Director/Screenplay – Randall Lobb, Producers – Isaac Elliott-Fisher, Mark Hussey & Randall Lobb, Photography/Production Design – Isaac Elliott-Fisher, Music – Boy in December & Mathew Hussey. Production Company – Faux Pop Media/iProductions.
Karl Aaronian, Alex Albrecht, Mark Askwith, James Avery, Steve Barron, Michael Ian Black, Mark Bode, Doug Brammer, Ryan Brown, Ross Campbell, Jeff Cannata, Cam Clarke, Kevin Clash, Townsed Coleman, Michael Dooney, Kevin Eastman, Pat Fraley, Mark Freedman, Robert Ben Garant, Austin Gibson, Lloyd Goldfine, Barry Gordon, Thomas Gray, John Handy, Brian Henson, Bobby Herbeck, Judith Hoag, Michele Ivey, Renae Jacobs, Charles Knauf, Peter Laird, Steve Lavigne, Jim Lawson, Rob Paulsen, Stephan Reese, Peter Renady, Ernie Reyes Jr., Gary Richardson, Richard Rosenbaum, Dereck Seltzor, Michelan Sisti, Cindy Torres, Dan Trachtenberg, Michael Turney, David Wise, Fred Wolf, Steve Yarner
Turtle Power is a documentary about the Teenage Mutant Ninja Turtles phenomenon. It charts the Turtles’ rise from independent comic-book to marketing blitz, a hit animated series and then onto movie screens.
The documentary begins where the phenomenon did – with creators Peter Laird and Kevin Eastman. The two were friends living in New Hampshire and both were comic-book fans. In 1984, they put the first black-and-white issue of the Teenage Mutant Ninja Turtles comic-book together for a run of 2000 copies, which proceeded to sell out. Other issues quickly followed with the two recounting that they thought they were having success being able to earn $2000 per issue. The documentary details their creating a studio, which they called Mirage because it initially only existed in their own homes. They tell how various characters were based on their own differing personalities or girlfriends at the time.
Where the phenomenon took off was when they began to sell merchandising rights to the Turtles. This led to the production of a line of toys beginning in 1987, which quickly sold out on shelves. The documentary interviews the toy makers and discusses difficulties of creating characters out of figures that were all identical – in the comic-book, the only difference between the Turtles was the weapon each character wielded. The toy designers tell how they dealt with this by emphasising the colours of the masks and placing an initial on their belt to differentiate each turtle – or how they tried to market accessories with sewer and turtle shell themes.
The toy merchandising led to the animated tv series Teenage Mutant Ninja Turtles (1987-96), which is where the Turtles phenomenon went stellar. There are interviews with producer Fred Wolf who traces the show’s development (Wolf is the one who introduced the bizarre pizza flavours) and writer David Wise (who introduced the phrase “cowabunga”). All of the Turtle voice actors, including those voicing April, Shredder and Splinter are interviewed, and discuss in often amusing ways how they interpreted the characters. The documentary-makers even interview some of the performers from the 1990 live musical tour.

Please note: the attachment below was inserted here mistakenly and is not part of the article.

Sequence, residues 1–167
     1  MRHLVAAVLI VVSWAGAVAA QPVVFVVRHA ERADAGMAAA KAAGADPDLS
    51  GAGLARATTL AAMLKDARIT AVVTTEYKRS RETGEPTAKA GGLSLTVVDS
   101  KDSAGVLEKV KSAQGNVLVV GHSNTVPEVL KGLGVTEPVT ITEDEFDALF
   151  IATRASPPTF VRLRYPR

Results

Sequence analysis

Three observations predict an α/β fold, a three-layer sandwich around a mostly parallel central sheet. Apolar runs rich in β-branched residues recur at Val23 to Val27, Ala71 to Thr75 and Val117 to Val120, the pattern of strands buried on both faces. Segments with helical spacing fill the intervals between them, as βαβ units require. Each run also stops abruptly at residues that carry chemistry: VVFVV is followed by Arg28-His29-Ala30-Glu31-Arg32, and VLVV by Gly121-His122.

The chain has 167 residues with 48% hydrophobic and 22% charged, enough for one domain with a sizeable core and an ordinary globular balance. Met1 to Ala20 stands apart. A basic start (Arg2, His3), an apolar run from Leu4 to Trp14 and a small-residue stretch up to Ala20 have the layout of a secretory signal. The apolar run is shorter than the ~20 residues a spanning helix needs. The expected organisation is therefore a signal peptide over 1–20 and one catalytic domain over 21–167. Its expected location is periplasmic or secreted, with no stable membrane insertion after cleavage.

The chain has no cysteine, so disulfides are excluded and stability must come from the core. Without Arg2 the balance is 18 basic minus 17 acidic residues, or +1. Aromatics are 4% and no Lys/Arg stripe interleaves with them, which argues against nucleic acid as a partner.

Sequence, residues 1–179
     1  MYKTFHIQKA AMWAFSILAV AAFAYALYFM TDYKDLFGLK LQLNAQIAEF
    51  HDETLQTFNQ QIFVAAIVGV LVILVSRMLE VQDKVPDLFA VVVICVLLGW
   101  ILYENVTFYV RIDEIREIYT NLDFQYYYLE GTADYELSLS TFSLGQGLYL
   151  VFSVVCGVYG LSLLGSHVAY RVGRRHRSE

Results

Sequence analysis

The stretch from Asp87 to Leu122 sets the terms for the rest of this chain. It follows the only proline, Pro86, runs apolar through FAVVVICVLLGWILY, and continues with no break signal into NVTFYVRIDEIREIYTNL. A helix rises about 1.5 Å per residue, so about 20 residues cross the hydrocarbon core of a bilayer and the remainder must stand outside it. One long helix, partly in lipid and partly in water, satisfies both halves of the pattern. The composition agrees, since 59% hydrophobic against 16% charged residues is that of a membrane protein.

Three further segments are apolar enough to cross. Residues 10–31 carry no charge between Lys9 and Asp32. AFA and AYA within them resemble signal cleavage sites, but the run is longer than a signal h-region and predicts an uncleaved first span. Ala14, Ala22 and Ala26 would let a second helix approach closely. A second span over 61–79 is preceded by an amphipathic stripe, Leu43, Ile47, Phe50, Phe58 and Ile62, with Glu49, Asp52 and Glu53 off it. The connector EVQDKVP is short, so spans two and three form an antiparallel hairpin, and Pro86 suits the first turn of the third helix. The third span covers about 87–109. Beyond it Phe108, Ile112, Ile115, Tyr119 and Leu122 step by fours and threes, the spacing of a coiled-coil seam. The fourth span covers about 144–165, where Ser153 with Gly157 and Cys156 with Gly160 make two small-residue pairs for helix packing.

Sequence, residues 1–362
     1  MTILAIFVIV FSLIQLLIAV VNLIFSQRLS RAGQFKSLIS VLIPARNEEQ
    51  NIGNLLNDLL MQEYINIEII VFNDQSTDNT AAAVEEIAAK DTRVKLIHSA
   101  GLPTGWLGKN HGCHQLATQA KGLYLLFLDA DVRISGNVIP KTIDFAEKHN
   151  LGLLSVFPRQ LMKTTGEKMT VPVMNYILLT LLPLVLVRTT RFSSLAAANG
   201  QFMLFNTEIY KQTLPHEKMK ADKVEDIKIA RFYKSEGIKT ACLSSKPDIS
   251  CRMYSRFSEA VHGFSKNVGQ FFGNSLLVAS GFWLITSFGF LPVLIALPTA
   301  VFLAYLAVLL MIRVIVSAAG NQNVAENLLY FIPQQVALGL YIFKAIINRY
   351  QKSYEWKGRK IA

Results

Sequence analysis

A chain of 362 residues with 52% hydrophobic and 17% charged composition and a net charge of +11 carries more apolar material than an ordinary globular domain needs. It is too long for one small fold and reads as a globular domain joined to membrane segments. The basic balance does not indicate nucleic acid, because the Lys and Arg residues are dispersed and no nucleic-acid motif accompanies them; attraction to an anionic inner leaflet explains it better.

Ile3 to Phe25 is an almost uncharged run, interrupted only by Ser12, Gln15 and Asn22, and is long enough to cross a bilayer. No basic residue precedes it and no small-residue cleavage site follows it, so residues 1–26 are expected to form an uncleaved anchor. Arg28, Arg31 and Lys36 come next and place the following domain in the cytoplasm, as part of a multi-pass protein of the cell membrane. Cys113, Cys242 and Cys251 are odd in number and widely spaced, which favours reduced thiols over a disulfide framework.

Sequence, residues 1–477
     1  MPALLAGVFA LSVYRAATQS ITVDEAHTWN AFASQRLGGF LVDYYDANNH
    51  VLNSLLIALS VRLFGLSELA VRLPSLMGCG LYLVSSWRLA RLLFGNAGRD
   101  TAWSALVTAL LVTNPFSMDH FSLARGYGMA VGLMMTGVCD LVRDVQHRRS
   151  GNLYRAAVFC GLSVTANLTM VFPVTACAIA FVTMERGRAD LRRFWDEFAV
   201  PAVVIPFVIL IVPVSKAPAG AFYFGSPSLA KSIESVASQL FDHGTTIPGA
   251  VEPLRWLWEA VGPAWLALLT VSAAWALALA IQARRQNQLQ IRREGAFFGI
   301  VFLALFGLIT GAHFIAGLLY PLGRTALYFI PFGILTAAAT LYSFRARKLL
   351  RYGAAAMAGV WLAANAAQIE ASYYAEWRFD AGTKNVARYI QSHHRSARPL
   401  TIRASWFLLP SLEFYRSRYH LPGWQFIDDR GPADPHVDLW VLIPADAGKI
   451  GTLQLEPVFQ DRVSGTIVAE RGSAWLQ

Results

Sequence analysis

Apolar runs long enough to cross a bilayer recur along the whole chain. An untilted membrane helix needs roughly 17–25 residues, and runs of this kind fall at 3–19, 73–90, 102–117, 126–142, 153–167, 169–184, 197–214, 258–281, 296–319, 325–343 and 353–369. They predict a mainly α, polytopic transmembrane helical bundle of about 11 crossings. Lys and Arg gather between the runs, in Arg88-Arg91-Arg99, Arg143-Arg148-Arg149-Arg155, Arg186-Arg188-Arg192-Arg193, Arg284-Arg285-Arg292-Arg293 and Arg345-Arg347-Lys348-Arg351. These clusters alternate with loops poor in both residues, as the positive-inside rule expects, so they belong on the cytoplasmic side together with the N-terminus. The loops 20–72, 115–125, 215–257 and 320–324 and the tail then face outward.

There is also discussion of the live-action films. This is almost completely centred around the first film Teenage Mutant Ninja Turtles (1990). Director Steve Barron, star Judith Hoag, Jim Henson’s son Brian and various of the suit performers are interviewed. There is discussion of the moderate seven million budget raised and the decision to co-produce with a Hong Kong company because of their martial arts expertise. We see some footage of test reels shot for the suits and some talk of the technical difficulties the suits presented. There is some discussion of Steve Barron’s innovative directorial decisions – the choice to shoot 1/24 of a frame less per second to speed up action and treat the suits as though they were characters including going in for closeups.
There is discussion only in passing of the two sequels Teenage Mutant Ninja Turtles II: The Secret of the Ooze (1991) and Teenage Mutant Ninja Turtles III (1990) – Peter Laird calls Secret of the Ooze “a step backwards” and that is about it. There is no discussion of the animated film TMNT (2007) or any of the revival animated series. Turtle Power was released three weeks before the big screen revival Teenage Mutant Ninja Turtles (2014) but this gets no mention.
Director Randall Lobb has done on to make a number of other pop culture documentaries with the likes of Power of Grayskull: The Definitive History of He-Man and the Masters of the Universe (2017), The Crystal Calls – Making the Dark Crystal: Age of Resistance (2019), A Riddle of Steel: The Definitive History of Conan the Barbarian (2019) and Baywatch: The Documentary (2020).